Environmental Science and Policy Students Win Third Place in Sustainable Fashion Competition
Like many things during the last year, it started with a message on Slack: “Would anyone want to form a group for the Global Circular Challenge?” Thus began our three-month-long adventure in inventing and pitching an idea for a sustainable clothing brand.
We are five students from the Environmental Science and Policy master’s program at Columbia University’s School of International and Public Affairs. Our team, AMARA, was one of three teams from Columbia University competing to reimagine the future of fashion. We placed third among 27 teams from varying countries, backgrounds, and universities, including PhD students, MBAs, and professionals.
The London School of Economics Department of Geography and Environment’s Global Circular Challenge was pitched as a competition to design solutions for sustainable fashion, with a focus on circularity. Circularity in the fashion industry means extending the life of the clothes we wear, keeping them in use for as long as possible, and finding other uses for the materials after they can no longer be worn.
What is AMARA?
AMARA stands for the names of the students on our team: Alyssa Ramirez, Maya Navabi, Ariela Levy, Rashika Choudhary, and Allison Day. It also represents the business pitch we created for the finals of the Global Circular Challenge: a disruptive, unisex, sustainable denim brand with circularity at the heart of its mission. We designed this hypothetical business model from scratch and improved it using advice from our faculty advisor — Athanasios Bourtsalas, a Columbia University professor in energy and materials — and the various experts brought in to share their experience with the competition participants. Throughout the spring semester of 2021, many guest lecturers from organizations and recognizable companies — including Gap, Etsy, and Ralph Lauren — gave insight into how the fashion industry is adapting to the consequences of human-induced climate change, and provided valuable feedback and advice to participating teams.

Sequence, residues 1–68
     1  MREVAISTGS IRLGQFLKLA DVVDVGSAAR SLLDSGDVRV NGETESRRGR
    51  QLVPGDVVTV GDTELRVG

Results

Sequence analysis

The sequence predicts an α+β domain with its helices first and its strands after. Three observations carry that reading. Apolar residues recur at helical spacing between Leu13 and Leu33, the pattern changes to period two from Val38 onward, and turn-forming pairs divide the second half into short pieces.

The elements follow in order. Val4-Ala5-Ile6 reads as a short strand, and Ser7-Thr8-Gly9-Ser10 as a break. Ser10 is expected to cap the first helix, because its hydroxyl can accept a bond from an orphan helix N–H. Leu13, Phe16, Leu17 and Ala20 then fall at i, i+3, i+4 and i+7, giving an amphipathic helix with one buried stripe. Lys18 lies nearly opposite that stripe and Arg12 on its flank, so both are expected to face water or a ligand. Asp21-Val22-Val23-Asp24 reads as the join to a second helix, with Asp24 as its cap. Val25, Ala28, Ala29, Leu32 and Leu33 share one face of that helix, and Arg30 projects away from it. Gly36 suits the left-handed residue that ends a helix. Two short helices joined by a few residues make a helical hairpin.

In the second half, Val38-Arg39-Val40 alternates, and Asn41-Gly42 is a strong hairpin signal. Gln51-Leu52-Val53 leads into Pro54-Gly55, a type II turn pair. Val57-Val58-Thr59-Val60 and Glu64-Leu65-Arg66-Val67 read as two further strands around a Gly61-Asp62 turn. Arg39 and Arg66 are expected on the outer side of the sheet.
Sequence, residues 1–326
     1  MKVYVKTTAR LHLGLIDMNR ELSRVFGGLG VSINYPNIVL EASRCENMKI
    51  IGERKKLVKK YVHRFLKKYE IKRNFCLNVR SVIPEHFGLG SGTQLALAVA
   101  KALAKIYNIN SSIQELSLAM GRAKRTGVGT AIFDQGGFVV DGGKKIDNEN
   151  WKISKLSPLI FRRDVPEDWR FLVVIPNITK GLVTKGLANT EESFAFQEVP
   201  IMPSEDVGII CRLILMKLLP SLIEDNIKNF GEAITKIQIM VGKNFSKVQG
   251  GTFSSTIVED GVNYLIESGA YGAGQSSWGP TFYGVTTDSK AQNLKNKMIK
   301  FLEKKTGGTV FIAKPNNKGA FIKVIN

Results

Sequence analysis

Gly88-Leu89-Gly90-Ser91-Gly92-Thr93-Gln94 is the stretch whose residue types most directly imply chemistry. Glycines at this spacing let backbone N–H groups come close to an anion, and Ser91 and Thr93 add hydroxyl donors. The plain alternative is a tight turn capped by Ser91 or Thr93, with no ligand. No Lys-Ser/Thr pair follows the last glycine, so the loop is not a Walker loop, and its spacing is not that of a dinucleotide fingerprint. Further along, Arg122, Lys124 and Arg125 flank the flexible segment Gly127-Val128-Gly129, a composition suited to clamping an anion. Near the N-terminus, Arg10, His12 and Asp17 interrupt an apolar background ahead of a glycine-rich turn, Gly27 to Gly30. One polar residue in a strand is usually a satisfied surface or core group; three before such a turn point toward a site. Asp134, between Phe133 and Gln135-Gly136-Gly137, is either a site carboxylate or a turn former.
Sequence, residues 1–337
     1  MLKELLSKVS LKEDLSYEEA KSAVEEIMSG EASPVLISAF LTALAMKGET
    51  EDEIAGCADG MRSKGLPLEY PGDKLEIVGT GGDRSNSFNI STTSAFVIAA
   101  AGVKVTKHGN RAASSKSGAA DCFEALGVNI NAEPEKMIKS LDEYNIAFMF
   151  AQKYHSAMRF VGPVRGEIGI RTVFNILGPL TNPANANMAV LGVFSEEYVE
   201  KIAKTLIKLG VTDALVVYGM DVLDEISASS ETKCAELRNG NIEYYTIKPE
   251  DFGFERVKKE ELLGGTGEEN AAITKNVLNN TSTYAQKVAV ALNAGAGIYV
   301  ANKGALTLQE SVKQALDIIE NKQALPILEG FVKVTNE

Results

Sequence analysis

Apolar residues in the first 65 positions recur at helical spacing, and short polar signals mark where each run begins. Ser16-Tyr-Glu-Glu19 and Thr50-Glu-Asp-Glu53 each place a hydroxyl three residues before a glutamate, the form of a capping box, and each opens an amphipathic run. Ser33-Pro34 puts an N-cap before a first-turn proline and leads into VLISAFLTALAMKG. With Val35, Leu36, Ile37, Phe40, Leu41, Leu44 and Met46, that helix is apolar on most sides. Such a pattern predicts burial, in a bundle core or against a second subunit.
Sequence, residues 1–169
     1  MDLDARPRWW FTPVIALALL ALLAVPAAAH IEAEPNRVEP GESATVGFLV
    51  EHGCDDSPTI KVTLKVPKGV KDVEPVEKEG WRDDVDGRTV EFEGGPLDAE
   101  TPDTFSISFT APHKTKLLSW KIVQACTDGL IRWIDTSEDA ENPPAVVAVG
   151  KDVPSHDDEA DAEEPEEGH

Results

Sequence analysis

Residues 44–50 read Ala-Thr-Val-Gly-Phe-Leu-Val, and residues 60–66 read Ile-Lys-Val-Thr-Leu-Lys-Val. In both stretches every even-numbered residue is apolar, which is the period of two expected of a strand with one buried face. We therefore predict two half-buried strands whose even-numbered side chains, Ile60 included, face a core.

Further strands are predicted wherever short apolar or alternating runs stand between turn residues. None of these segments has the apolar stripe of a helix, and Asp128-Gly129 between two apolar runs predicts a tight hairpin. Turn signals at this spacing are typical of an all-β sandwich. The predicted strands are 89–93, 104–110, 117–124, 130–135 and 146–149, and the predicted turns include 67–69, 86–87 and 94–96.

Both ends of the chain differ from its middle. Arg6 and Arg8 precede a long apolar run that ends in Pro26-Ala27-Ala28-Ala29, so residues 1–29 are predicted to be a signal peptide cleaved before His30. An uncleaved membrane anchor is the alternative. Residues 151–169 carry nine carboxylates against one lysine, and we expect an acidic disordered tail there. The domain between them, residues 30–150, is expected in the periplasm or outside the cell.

To create our business model, the AMARA team studied every step of a denim garment’s life cycle and identified areas for improvement. AMARA’s business model aims to promote the longevity of denim garments, and our pitch was unique among the other finalists because it includes circularity at every step of the denim garment’s life cycle, including:
Creation: While most jeans are made out of cotton or a cotton-synthetic blend, AMARA uses a synthetic-free hemp blend. Hemp is less water-intensive, more durable and breathable, becomes softer over time, and holds color better than cotton. It’s estimated that hemp can be four times cheaper to produce than cotton, but production has not yet achieved economies of scale. However, as more companies like AMARA begin to use hemp, its price is predicted to decrease significantly.
Sourcing: At the sourcing stage, suppliers are vetted to ensure fair, equitable labor and safe environmental practices. This environmental assessment of supply and production allows AMARA to get to know our suppliers intimately and make sure they meet our high standards for sustainability.
Design: AMARA’s products are designed to last longer and reduce waste. The brand’s garments do not have unnecessary metal rivets that are hard to recycle, nor tiny pockets that are made of fabric pieces so small they can’t be reused. AMARA’s garments are designed to be deconstructed and reused, and the hems can be adjusted easily. These design elements are critical to ensure that the reuse of the garments is as easy as possible.
Retail: On the retail side, the AMARA stores feature newly made and secondhand clothes that have been returned to the store.